As a college graduate with enormous student loan debt, one of my personal priorities as a cost-efficient young professional is to enlighten my family and friends in college about ways to save money while seeking higher education.
One proven method to reduce the amount of money and length of time you spend in college is to complete Advanced Placement (AP) courses in high school.
Completing Advanced Placement courses during high school provides five major benefits in college including:
- Starting college with as many as 23 credits toward graduation
- Graduating college faster due to credits earned in high school
- Saving money on tuition due to the free credits you earned from AP courses
- Taking upper level courses faster due to completed prerequisites
- Taking a semester to study abroad with the time you save
Yet, many students are unaware of the vast benefits of taking AP courses in high school and simply begin look for money-saving opportunities during college.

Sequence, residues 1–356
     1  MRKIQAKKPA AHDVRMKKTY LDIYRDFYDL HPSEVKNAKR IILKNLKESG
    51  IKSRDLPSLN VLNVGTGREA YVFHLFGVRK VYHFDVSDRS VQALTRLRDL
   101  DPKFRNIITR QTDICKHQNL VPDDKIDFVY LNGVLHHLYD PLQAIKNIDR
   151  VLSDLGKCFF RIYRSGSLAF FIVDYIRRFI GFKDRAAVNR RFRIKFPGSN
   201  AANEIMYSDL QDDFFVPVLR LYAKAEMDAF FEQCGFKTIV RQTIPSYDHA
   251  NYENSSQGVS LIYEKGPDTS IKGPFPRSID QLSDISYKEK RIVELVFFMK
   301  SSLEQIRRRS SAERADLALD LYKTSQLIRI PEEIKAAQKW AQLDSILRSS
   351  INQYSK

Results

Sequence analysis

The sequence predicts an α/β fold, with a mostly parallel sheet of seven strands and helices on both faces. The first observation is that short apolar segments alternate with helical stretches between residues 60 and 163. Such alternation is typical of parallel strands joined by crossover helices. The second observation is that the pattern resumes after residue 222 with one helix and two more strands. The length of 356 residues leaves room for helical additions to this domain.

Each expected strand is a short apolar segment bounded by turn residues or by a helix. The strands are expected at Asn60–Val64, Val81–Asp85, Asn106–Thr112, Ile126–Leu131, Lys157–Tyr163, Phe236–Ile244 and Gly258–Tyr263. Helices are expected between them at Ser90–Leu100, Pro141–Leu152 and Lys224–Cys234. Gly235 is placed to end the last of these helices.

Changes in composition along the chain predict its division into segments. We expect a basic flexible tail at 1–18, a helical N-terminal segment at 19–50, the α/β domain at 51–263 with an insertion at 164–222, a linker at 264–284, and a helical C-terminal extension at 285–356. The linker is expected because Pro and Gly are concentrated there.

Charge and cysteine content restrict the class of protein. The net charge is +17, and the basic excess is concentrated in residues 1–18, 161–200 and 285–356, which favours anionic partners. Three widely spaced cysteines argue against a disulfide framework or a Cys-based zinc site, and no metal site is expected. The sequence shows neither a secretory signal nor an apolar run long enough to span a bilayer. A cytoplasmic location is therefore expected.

Luckily for these students, there is a growing trend among many colleges and universities that will help students save as much as 25% off your total college tuition!
Three-year degree programs in colleges and universities have experienced a recent upswing that was spurred by the recession and anxieties regarding insurmountable college debt.
A dozen recent graduates from Hartwick College in New York became the first students to complete Hartwick’s 3-year degree program. One student in particular, Samantha Hart, earned 23 college credits in high school through AP courses and opted to take an internship offer with her time saved, that will potentially lead to a full-time job offer.
On the heels of the success of the 3-year degree program at Hartwick College, legislation in Washington and Rhode Island has encouraged public universities to acquire three-year degree options.
Later this fall, three more universities will reportedly add a three-year degree option including:
- University of Missouri
- Wesleyan University (Middletown, Conn.)
- Minnesota State University
While some students opt to add a second major or second minor instead of graduate early, it’s definitely not the most popular route for most students who start college with AP credits.
While inflation seems to penetrate every sector of the economy today, a 25% decrease in college tuition is a deal many can’t afford to pass up.
Call your prospective college or university today and find out if a 3-year degree program will be offered or how you can turn your high school AP credits into college savings.